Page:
During the preceding risk-off period earlier in the year, new bond issuance was virtually non-existent, as issuers waited for the volatility to abate. Now that there seems to be some stability in the oil price and equity markets, global bond markets are back open for business, with investment grade new issues leading the way. In Europe, AB InBev (Stella Artois) sold the biggest EUR bond deal ever with an issue of €13.25bn across six bond maturities. This new supply, together with supply from a flurry of banks, has slightly dampened the rally in credit, which we suspect would have otherwise been even more pronounced.
In riskier sectors, the additional tier 1 market in Europe (AT1 securities are commonly called Coco bonds in Europe and bank hybrids in Australia) has finally re-opened after some recent concerns surrounding a Deutsche Bank Coco bond that came under pressure. This week, UBS issued a $1.5bn AT1 coco bond. Demand was strong with $8bn in orders.
In last week’s publication we highlighted the strong performance of the US High Yield (HY) market. Following the ECB meeting last Friday, the European HY market followed suit with $1.3bn in inflows, which was the largest inflow in four months. Even though HY and subordinated debt are not eligible under the ECB's asset purchase program (QE), these assets are benefitting as spread tightening on investment grade bonds has investors looking outside of these sectors in a ‘search for yield’. The chart below depicts the trend in spreads in the US high yield market over the last six months.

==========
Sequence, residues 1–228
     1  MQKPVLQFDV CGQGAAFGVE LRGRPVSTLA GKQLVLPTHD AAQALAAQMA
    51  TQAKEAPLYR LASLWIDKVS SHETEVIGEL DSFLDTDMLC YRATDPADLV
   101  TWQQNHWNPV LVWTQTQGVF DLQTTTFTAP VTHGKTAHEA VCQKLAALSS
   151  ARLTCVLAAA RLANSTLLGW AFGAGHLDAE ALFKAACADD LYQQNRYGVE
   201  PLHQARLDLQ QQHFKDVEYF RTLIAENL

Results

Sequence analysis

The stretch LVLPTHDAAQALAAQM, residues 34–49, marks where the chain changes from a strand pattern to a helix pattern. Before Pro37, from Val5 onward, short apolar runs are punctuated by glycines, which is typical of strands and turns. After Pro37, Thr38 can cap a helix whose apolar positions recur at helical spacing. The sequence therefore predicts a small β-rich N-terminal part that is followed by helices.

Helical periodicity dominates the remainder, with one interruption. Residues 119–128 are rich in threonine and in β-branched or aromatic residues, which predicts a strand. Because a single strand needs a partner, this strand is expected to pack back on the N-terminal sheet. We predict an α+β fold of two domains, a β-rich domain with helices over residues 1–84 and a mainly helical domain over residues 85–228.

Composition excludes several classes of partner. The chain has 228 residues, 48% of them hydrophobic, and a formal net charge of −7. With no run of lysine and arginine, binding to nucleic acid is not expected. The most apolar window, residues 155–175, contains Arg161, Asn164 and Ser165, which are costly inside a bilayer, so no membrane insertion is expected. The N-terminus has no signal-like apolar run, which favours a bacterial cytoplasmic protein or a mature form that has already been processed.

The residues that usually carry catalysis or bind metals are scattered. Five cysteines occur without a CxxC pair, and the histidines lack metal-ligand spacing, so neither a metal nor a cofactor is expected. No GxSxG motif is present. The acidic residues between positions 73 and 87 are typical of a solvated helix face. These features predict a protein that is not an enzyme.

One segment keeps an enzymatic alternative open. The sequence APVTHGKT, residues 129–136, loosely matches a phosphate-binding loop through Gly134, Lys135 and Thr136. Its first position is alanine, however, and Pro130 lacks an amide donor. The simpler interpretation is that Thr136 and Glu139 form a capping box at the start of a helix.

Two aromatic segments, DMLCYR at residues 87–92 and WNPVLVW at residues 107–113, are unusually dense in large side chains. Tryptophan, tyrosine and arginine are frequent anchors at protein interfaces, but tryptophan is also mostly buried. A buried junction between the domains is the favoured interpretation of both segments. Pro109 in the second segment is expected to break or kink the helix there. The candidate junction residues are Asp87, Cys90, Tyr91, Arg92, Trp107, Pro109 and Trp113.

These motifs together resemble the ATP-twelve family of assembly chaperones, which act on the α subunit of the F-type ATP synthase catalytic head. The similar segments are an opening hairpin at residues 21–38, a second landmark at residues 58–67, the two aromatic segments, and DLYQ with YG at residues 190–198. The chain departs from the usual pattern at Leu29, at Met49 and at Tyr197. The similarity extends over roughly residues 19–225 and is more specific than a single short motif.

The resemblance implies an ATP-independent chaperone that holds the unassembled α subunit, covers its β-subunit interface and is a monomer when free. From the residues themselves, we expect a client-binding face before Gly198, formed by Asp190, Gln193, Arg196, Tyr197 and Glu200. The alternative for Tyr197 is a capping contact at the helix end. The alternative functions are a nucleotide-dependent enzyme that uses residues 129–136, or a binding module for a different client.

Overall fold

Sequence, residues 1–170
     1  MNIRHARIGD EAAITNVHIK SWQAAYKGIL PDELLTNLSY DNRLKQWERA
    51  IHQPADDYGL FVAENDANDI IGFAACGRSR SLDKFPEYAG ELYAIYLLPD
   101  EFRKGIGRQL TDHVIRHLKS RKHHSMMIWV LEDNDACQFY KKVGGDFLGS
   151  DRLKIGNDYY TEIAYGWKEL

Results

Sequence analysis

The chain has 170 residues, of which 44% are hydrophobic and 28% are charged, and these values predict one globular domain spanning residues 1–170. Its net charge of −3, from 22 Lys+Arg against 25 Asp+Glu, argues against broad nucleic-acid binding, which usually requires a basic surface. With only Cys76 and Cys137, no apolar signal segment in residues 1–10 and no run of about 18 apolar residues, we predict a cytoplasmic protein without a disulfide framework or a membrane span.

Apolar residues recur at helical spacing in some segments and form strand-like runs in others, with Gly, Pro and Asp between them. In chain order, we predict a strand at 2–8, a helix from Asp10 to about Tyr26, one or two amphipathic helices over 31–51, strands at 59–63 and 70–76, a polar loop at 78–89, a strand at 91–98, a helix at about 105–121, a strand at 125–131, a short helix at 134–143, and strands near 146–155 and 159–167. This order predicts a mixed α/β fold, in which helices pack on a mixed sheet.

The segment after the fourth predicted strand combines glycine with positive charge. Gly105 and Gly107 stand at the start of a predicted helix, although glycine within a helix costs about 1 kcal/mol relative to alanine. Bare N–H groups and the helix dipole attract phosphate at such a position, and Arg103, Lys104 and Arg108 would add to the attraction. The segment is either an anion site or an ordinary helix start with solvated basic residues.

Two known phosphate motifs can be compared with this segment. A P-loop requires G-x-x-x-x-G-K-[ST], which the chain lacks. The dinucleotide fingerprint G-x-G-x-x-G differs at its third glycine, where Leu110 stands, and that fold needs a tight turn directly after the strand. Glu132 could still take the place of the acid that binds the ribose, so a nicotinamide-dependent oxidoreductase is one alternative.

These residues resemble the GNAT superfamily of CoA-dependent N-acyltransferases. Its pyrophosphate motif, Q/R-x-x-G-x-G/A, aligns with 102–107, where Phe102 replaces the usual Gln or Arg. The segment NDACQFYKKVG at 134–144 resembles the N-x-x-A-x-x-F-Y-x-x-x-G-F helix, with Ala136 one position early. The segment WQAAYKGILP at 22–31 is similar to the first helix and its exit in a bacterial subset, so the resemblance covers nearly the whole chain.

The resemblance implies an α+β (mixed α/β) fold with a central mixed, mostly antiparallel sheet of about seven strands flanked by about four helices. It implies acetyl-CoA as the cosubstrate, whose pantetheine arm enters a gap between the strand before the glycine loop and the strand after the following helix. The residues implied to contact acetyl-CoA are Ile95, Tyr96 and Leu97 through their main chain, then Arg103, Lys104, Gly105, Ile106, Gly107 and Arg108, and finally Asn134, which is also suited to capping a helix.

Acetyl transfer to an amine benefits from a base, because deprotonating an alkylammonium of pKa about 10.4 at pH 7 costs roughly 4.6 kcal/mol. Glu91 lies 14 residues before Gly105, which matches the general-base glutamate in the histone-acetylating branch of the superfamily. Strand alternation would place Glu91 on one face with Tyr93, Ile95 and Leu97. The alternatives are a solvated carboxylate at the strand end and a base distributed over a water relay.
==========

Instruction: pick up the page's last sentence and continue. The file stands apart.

OAS S&P US Issued High Yield Corporate Bond Index
Australia’s listed debt market has also seen spreads tighten and increased trading volumes in March. The short end has rallied considerably, with short dated hybrids and the middle part of the curve rising. The longer end has not performed as well, with spreads remaining wide. The secondary market for bank hybrids continues to offer a more attractive premium than the new CBA Perls VIII deal that settles on April 1. The chart below depicts the above average trading volumes for this sector in March.